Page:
About the Foundation
Dr. Carlo Fleischmann (1892–1965) was a co-owner of Fleischmann & Co., a Swiss company principally trading in grain, and quite successful in the import and export of raw materials. In 1953, Dr. Fleischmann established a foundation in his name to provide financial support for art, culture, and education in Switzerland. As his nephew Kaspar M. Fleischmann notes, "Carlo was inspired to start the foundation because he wanted to give something back to the community; and because he was a man of the world – cultivated, inquisitive, and philanthropic – he chose to give money to the arts, culture, science, and education. He gave donations to many institutions, and as long as they performed well they could budget the same amount for the following year. In doing so, he took a lot of stress from organizations that operated 'at the limit' and yet also delivered great work and/or performances."
Since its founding, the Dr. Carlo Fleischmann Stiftung has supported numerous large and small projects. Up to 2006, these projects included annual support to Theater Neumarkt in Zurich, the donation of two polar bears to the Zurich Zoo, repeated grants to Museum Rietberg in Zurich for acquisitions, donations to schools, and a multitude of other, smaller projects. Dr. Fleischmann was actively engaged in the foundation and donation process until his death.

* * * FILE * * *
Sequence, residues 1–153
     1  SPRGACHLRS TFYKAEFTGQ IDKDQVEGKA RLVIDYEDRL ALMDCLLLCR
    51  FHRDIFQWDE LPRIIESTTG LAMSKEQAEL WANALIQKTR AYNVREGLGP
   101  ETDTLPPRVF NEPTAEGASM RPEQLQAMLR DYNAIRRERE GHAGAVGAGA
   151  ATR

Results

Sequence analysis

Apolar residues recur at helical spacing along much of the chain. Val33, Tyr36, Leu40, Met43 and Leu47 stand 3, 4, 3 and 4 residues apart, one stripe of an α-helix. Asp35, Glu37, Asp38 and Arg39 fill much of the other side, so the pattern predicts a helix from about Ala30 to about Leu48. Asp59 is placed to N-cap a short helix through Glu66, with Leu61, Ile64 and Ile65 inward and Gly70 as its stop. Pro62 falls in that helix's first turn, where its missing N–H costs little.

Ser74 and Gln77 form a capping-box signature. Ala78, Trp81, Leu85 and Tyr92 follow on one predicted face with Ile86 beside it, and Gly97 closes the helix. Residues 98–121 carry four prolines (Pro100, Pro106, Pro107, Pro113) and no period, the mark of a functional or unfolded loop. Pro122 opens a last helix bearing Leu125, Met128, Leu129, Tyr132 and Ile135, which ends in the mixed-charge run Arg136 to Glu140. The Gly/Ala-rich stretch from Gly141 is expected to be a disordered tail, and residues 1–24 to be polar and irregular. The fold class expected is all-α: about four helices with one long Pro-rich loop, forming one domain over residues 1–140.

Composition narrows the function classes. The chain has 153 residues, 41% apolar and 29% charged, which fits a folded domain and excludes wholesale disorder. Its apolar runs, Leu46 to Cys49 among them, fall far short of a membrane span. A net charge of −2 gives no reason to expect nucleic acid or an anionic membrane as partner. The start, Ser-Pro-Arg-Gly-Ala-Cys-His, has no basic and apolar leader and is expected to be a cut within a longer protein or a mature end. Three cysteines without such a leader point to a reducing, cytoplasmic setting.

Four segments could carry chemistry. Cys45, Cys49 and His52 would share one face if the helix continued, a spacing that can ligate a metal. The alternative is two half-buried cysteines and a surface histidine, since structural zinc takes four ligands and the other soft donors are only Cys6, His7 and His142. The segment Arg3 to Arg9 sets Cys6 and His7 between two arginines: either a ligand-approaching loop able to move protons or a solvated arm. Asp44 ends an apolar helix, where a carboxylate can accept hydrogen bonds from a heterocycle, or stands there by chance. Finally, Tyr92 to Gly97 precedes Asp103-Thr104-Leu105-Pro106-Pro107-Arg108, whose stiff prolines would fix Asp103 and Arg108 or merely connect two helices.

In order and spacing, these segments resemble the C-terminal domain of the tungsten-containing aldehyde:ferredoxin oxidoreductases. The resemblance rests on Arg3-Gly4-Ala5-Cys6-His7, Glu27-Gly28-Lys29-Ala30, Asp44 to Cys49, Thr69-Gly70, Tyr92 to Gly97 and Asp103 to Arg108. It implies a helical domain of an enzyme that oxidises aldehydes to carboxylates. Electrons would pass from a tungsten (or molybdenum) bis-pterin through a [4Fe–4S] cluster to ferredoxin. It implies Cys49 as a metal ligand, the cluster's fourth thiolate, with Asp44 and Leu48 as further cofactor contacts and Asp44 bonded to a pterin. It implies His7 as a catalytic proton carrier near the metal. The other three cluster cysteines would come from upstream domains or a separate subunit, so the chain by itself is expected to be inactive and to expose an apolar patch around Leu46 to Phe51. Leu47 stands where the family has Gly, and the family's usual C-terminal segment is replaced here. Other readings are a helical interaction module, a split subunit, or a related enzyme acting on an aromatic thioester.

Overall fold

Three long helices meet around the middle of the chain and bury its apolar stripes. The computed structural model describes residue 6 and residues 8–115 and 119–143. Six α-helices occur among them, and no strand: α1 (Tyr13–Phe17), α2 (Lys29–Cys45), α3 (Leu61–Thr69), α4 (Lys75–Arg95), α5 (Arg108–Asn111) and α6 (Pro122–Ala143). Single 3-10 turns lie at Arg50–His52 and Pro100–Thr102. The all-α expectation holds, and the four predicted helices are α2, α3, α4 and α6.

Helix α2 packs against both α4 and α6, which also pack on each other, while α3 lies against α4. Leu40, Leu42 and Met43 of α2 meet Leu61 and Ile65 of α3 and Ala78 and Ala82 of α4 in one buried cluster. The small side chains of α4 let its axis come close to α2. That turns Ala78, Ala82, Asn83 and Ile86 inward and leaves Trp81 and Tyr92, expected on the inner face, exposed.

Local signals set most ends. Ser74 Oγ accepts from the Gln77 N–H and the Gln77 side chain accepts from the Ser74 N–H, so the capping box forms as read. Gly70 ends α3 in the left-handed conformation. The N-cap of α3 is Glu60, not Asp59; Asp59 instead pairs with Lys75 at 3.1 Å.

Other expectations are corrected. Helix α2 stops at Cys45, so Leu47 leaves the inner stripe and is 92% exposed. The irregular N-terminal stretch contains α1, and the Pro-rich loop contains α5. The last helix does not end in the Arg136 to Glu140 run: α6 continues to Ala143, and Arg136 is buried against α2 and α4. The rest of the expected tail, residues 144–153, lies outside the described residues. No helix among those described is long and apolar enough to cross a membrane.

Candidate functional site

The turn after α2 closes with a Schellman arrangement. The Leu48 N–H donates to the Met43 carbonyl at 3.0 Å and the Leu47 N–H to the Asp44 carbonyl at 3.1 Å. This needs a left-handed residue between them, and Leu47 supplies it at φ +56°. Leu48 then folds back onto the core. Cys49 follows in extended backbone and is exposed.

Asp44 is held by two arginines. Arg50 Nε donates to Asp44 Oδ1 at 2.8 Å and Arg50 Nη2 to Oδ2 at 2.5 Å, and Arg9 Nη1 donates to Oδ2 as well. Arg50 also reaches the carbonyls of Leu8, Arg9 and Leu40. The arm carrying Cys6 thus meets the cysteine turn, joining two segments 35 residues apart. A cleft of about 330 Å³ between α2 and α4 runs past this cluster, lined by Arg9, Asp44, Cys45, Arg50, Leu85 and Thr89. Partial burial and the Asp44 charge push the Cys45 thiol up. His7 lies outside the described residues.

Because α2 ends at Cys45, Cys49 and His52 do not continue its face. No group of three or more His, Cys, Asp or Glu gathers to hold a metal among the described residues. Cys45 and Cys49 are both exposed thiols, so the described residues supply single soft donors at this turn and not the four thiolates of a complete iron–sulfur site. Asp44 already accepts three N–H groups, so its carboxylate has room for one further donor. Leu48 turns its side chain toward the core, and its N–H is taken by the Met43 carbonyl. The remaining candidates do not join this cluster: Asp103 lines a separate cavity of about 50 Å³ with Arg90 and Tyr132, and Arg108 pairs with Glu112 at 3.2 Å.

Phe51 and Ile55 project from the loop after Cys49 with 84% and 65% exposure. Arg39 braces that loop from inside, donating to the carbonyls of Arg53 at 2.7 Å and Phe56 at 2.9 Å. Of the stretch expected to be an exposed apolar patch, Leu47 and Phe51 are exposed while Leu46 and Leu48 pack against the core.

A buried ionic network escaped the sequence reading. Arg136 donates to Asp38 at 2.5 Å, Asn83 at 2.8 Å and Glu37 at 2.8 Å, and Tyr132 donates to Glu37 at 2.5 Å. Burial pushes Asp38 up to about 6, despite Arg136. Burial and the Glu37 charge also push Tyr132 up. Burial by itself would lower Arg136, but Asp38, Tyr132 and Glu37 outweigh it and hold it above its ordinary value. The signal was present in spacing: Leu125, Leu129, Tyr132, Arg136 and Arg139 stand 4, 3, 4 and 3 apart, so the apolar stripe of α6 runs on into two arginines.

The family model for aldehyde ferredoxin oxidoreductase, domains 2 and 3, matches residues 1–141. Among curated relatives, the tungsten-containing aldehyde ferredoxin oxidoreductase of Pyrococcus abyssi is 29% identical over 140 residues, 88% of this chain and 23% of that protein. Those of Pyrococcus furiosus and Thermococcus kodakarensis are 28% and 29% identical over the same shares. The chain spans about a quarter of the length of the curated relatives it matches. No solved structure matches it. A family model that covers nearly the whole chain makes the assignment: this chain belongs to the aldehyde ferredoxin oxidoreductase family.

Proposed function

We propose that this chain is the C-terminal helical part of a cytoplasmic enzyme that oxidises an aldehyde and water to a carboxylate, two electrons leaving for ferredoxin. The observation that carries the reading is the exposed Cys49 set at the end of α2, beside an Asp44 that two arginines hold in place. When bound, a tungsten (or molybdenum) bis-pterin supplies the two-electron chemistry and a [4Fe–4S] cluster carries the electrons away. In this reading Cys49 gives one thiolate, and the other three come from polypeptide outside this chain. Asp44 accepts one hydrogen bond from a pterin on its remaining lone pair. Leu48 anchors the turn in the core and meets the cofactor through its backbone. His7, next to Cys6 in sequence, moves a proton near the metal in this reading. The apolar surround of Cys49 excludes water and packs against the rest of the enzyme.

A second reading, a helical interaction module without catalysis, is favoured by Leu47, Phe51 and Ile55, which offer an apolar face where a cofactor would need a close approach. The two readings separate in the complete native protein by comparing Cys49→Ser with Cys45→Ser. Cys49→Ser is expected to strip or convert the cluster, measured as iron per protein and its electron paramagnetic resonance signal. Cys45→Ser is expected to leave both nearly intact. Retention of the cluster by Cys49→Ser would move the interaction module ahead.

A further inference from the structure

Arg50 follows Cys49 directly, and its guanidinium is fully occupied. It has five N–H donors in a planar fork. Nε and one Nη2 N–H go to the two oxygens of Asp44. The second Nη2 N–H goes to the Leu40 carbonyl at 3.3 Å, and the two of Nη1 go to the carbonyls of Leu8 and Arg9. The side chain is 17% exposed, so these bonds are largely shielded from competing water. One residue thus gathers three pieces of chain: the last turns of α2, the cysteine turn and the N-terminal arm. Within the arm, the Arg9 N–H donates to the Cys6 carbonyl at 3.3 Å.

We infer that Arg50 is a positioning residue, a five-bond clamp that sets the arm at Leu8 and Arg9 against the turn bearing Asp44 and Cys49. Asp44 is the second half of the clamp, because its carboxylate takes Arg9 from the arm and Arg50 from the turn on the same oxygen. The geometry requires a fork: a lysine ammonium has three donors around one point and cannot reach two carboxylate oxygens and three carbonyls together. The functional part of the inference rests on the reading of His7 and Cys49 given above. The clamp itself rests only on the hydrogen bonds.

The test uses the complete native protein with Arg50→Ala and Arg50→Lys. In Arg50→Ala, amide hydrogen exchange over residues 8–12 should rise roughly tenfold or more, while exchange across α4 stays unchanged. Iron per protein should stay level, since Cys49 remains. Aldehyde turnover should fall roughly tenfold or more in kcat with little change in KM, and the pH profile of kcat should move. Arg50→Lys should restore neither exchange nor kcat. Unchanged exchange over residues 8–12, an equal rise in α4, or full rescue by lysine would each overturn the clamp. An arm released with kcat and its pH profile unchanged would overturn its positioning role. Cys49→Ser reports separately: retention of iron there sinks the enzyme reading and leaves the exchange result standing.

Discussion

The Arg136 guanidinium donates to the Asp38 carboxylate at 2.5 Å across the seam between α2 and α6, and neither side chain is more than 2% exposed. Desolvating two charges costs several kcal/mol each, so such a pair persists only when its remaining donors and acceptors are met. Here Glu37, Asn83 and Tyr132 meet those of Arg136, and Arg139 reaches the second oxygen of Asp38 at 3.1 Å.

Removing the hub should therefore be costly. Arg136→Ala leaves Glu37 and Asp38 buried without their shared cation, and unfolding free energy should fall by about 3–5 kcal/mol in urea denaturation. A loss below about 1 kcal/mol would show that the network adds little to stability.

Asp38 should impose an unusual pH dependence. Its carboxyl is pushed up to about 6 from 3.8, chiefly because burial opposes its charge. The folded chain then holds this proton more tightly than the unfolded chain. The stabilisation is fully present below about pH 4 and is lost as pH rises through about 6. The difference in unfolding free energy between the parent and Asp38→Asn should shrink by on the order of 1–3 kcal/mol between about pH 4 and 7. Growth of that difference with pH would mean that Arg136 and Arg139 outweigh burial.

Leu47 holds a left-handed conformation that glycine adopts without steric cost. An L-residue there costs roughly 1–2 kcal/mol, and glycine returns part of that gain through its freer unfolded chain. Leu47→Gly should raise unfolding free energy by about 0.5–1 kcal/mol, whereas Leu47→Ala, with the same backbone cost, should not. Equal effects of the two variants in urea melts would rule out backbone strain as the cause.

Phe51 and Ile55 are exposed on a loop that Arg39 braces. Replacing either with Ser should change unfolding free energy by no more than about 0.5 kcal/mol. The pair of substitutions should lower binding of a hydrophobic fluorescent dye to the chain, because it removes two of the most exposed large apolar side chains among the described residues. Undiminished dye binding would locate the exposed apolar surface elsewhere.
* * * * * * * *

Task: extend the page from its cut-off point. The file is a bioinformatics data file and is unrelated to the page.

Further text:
Kaspar M. Fleischmann, vice president of the foundation and representative of the family, is leveraging his expertise and pioneering spirit to strengthen the foundation. Fleischmann is a photography collector and the founder of Galerie zur Stockeregg in Zurich, which from the time of its founding in 1979 was one of the most important galleries for photography in Europe. Under his leadership, the DCFF shifted its focus in 2006 to support and advance the study of photography. It gifted a collection of rare photo collages by Herbert Bayer to Kunsthaus Zürich and transferred the foundation endowment to the University of Zurich in order to establish the Center for Studies in the Theory and History of Photography at the Institute of Art History. The foundation is now exclusively committed to promoting all aspects of photography. In 2007, the University of Zurich announced the vacant position of Chair for History of the Fine Arts with an additional focus on the History and Theory of Photography. Bettina Gockel, then a member of the Institute for Advanced Study in Princeton, received the call to Zurich and took up the position in February of 2008. She continues to hold this position today and is also a board member of the foundation.
In 2015, Kaspar M. Fleischmann was awarded an honorary doctorate by the Faculty of Arts and Social Sciences of the University of Zurich for his outstanding services to academic research and science in the field of theory and history of photography.
Research on the theory and history of photography is now established in the humanities and in cultural studies. This fact should not, however, lead us to disregard the need for dialogue between these cultures of expertise: in art history and visual studies, in literary studies and history, and in museums and collections. Interest in the history of photography has grown rapidly in the age of digital images, and many contemporaries have experienced the transition from analog to digital photography as a paradigm shift. Investigating the history of the photographic image enables us to understand this profound change.